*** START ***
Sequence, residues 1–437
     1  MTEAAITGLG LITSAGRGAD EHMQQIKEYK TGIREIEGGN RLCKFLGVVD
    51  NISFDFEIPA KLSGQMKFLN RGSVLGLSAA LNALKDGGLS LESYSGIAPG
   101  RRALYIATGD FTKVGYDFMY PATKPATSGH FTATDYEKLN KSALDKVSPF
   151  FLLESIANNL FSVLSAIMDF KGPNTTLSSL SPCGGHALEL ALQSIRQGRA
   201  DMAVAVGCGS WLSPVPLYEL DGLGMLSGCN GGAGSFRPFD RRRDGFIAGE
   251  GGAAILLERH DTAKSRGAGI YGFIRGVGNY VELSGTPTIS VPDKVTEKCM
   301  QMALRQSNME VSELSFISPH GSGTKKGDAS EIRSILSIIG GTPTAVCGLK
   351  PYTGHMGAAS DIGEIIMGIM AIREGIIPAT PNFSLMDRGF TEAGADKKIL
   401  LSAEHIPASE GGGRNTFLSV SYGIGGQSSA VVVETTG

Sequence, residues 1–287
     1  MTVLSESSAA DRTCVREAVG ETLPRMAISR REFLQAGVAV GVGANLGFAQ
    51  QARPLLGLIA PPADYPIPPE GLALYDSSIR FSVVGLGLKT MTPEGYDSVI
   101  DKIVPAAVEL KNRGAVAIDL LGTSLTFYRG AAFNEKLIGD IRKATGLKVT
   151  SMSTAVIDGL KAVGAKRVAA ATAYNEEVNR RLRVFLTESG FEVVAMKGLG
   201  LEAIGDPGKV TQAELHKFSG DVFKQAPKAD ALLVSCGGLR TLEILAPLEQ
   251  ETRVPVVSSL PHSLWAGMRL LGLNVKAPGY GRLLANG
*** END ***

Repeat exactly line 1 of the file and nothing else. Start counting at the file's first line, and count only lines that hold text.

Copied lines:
Sequence, residues 1–437